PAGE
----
How can I assess the effects of the bias created by my positionality? The outcome in my case is that I did not access flow and rainfall data for my study basin. This type of experience repeated itself when I requested to hold interviews with the basin water officer and the director of water resources at the ministry of water and irrigation; these were not granted to me, contrarily to my connections. I was finally successful in holding a conversation with the basin water officer when I was in the company of senior male colleagues my partner NGO.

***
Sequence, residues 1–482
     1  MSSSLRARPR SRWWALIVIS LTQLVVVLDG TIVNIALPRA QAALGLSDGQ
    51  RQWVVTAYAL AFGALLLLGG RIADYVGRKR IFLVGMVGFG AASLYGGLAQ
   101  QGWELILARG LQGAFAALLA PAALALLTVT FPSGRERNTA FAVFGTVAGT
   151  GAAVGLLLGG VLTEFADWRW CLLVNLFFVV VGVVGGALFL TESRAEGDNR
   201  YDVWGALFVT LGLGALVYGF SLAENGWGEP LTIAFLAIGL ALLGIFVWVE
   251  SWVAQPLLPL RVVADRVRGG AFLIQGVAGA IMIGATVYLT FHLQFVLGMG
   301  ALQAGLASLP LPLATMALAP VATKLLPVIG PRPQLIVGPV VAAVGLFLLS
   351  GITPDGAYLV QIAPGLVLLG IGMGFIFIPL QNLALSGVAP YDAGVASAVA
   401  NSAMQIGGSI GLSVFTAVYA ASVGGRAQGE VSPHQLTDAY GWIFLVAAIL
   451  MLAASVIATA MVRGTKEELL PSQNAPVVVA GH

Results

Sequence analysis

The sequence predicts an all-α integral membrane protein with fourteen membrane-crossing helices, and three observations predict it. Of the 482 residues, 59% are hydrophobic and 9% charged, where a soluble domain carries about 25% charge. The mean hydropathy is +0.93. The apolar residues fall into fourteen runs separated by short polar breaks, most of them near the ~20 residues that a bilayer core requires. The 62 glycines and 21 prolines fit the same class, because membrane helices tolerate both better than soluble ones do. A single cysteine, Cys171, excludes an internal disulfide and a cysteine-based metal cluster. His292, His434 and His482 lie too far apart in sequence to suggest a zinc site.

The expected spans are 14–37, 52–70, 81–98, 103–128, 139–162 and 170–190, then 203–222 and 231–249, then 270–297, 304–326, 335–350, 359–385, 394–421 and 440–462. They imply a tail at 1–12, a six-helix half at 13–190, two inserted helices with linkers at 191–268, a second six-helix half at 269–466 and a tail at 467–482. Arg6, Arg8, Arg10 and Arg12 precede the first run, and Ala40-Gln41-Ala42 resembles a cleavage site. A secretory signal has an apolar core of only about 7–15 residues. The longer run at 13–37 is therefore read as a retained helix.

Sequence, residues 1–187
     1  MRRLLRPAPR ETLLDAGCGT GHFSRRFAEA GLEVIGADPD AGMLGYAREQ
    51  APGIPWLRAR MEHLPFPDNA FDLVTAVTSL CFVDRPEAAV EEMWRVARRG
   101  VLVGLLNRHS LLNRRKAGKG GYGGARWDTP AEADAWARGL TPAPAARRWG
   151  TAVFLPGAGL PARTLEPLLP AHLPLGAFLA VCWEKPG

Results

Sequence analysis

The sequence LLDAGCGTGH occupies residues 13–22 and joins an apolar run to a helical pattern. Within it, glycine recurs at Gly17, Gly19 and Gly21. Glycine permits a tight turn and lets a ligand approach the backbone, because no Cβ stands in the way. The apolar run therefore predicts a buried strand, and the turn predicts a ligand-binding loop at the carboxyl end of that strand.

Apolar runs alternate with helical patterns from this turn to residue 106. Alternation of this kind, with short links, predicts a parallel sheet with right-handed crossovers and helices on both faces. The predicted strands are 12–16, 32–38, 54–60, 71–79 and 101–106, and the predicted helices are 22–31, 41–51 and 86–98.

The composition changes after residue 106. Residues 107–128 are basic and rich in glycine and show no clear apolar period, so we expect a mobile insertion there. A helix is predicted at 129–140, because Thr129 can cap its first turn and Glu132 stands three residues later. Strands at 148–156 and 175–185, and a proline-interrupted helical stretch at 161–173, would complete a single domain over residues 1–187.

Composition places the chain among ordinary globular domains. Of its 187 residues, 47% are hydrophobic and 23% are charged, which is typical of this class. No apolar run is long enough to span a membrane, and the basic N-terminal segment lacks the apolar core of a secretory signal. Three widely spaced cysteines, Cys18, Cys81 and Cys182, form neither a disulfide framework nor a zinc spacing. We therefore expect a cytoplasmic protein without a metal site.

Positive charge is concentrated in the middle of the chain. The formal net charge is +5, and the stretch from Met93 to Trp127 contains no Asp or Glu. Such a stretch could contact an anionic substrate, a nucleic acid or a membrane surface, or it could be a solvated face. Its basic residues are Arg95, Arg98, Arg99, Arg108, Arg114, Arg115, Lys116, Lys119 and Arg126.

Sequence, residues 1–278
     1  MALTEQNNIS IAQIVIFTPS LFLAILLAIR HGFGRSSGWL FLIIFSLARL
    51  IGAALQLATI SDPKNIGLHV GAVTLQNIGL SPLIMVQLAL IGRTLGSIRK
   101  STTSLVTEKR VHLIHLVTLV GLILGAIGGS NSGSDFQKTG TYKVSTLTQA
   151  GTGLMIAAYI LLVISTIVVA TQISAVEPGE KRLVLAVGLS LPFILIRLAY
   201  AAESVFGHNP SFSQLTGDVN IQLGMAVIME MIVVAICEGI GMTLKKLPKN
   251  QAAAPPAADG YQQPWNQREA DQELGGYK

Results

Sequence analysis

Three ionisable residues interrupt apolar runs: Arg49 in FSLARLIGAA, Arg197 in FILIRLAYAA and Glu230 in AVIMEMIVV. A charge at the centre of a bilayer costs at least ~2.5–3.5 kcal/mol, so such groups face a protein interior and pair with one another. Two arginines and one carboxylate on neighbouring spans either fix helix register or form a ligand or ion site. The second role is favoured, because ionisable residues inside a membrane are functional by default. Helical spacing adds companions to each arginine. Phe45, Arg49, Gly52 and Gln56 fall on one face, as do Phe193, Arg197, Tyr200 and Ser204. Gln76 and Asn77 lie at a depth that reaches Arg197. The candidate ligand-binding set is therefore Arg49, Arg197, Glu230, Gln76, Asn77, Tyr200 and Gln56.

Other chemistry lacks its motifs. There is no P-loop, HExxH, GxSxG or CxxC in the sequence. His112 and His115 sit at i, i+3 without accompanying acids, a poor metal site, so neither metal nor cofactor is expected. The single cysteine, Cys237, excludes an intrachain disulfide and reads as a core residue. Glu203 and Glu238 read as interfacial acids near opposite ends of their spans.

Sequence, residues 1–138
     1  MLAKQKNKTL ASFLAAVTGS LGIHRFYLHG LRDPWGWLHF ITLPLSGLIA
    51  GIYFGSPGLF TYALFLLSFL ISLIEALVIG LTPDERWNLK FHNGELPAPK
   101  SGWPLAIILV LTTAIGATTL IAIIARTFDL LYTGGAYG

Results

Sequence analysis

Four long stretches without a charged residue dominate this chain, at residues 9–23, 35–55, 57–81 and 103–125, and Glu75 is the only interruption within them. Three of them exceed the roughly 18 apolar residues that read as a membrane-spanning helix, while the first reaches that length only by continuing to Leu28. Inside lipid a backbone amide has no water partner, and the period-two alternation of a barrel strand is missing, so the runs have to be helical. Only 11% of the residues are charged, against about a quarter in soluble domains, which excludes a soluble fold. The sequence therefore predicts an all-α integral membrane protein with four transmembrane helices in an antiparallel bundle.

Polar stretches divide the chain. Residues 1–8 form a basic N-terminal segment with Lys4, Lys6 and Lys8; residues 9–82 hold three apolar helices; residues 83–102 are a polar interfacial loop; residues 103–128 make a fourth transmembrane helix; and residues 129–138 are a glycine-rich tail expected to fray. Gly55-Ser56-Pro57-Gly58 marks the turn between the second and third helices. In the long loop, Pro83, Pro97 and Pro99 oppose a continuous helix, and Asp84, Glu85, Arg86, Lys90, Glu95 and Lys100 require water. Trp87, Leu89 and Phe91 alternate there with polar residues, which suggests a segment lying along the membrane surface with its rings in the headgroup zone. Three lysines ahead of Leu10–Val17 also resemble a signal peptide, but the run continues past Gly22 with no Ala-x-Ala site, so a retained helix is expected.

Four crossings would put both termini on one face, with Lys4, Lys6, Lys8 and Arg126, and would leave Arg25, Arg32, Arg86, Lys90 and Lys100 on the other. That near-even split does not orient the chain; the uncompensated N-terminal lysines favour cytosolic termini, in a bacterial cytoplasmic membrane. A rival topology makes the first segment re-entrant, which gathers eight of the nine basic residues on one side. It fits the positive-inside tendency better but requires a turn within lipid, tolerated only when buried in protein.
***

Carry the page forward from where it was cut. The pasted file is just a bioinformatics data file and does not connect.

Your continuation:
The second power relation trap I found myself in were the expectations from interviewees for a certain type of compensation for the time spent helping me with my research. Having myself been an interviewee in other student’s research projects or professional research, I knew a gesture was always appreciated (usually in the form of a coffee or drink during the interview). However, as I started my research as a participant observer at the NGO’s programme deployments, I got to understand the per diem culture. Those accustomed to working with foreign organisations, and those working within the foreign organisations (in local branches for example) will expect per diems for taking part in workshops, round tables and activities; I realised there was even an informal monetary scale, and some employees factor these per diems in in their family’s budgets. It became increasingly apparent that I would have to follow these codes when undertaking my own research, particularly if I were to involve participants who were used to the NGO I was working with. Slightly before setting off for my independent field work (without the partner NGO), I shared these thoughts with my translator who was a young man having previously translated for other western women undertaking their PhD research. He confirmed that the practice was to give a small contribution to each person we would interview (TZS 2’000). Himself and other Tanzanian friends confirmed that this was a common practice that they would also follow, were they to ask for help or information from people they do not know. I definitely can follow the logic: I was taking time off people’s daily activities, and it seemed fair to show appreciation for the information I need so dearly for my PhD. It seemed a little less logical to do so with government employees for whom I expected this type of activity to be set as a job task (and so I usually did not make a gesture of this kind). The questions which came up from these practices were whether the monetary transaction which was often expected, and taking place, was impacting the interviewees I was reaching, and the answers I was retrieving. Were those who knew there would be a monetary transaction keener? Would this mean I interviewed those who were already familiar with working with NGOs? Did I receive responses formulated specifically considering my linkage with the NGO? If so, what did I miss out on? I considered these issues and tried to overcome some gatekeepers in order to access marginalised people, who were not regularly involved with donor programmes.